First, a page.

This tiny house is beautiful. It’s cleverly designed, skillfully built, warm, well insulated and cozy. What truly makes it a home though is the story of it’s DIY construction and how a loving and supportive family and community came together to make this young woman’s dream possible.
First Steps Himalaya, a New Zealand based NGO, is doing an excellent job on the six-classroom school in Sindhupalchok, Nepal. There was a Spanish documentary film crew on site that interviewed me and asked for my impression of the school. I described the school “as strong as an army bunker. The massive earthbag walls could withstand grenades, rifle bullets and even a crash from a speeding vehicle”. The quality of construction is on par with Good Earth Nepal that organized my trip.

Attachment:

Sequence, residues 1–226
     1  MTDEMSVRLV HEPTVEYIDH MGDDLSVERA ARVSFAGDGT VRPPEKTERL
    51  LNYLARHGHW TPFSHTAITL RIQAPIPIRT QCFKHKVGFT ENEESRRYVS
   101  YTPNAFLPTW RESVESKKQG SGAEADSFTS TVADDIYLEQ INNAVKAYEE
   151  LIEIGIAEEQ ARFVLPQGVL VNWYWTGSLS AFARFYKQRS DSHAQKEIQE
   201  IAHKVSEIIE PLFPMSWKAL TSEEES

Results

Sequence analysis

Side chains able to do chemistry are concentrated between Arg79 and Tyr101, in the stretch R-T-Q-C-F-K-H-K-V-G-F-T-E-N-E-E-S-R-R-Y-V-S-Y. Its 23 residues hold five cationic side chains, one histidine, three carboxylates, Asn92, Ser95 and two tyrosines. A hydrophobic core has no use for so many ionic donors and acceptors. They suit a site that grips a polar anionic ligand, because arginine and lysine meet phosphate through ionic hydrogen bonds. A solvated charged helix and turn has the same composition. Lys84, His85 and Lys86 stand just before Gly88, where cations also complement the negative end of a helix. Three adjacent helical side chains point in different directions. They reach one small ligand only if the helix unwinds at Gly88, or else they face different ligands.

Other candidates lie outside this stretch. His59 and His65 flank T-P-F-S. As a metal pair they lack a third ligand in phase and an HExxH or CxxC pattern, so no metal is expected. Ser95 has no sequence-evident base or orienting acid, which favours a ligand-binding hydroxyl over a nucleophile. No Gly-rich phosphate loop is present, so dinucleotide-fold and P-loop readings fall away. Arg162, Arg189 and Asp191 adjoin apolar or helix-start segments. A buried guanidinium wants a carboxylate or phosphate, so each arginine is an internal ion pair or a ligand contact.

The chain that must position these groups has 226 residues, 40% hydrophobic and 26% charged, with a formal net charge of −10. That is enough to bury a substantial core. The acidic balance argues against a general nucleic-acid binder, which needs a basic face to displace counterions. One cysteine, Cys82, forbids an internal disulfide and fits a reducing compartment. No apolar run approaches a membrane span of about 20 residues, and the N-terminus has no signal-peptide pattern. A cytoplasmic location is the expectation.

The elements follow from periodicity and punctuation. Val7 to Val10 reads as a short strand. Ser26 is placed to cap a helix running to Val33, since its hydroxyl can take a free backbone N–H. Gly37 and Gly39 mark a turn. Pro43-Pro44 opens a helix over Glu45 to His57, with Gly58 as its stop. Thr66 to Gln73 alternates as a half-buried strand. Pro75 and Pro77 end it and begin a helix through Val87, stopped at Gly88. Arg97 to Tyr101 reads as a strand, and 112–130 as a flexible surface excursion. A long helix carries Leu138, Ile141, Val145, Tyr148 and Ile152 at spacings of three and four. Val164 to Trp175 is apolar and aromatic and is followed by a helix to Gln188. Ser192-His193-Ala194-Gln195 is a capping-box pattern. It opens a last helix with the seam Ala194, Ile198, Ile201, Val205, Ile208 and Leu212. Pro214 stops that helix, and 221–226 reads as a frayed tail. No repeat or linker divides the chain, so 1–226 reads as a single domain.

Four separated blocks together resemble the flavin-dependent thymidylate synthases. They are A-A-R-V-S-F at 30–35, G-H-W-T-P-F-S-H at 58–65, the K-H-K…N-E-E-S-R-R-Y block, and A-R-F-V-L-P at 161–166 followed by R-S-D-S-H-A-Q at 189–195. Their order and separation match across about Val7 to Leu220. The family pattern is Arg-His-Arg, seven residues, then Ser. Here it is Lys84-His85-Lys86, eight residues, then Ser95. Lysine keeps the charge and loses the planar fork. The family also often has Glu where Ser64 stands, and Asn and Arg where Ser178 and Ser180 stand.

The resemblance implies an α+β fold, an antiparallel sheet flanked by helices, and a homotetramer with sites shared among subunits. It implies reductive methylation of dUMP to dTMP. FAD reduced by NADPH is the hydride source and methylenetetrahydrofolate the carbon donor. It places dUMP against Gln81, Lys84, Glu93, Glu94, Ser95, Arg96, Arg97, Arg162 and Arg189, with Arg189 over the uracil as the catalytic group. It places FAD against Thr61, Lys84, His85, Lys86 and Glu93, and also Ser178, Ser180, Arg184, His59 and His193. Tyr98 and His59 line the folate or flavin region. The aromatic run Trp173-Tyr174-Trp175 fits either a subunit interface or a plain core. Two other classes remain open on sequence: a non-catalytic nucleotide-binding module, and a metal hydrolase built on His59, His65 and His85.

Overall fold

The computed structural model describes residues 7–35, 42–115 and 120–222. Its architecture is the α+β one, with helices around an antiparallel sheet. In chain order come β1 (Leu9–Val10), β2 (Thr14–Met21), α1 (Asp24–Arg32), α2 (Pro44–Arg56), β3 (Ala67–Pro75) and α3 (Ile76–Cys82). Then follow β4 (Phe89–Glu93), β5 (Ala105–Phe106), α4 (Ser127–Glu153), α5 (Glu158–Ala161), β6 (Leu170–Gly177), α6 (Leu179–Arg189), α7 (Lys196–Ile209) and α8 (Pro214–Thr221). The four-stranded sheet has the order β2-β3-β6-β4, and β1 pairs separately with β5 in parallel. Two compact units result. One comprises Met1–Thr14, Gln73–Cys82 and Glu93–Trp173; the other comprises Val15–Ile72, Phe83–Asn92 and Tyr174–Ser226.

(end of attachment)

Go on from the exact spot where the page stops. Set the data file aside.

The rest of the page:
People often ask us about natural building employment, training and career advice. The following advert is an example of how students can gain natural building skills on the cheap.
“Architecture has always determined the human world, from eccentric structures to the greatest monuments. But a rebellion is under way, led by a new breed of architect that puts people before icons — architects using the tools of their trade to restructure their surroundings and redefine their profession.
“LILI was founded in 2001 by two members of Redfield Community. The community itself was founded in 1978, and in 2001 had solar hot water, compost loos, straw-bale buildings, organic gardens, orchards, soft fruit, bees, sheep, chickens, natural paints, lime, wood stoves, and one member was experimenting with making biodiesel from waste cooking oil.
“Building a better world… one community at a time. Sharing knowledge and pictures of community building and other Permaculture projects.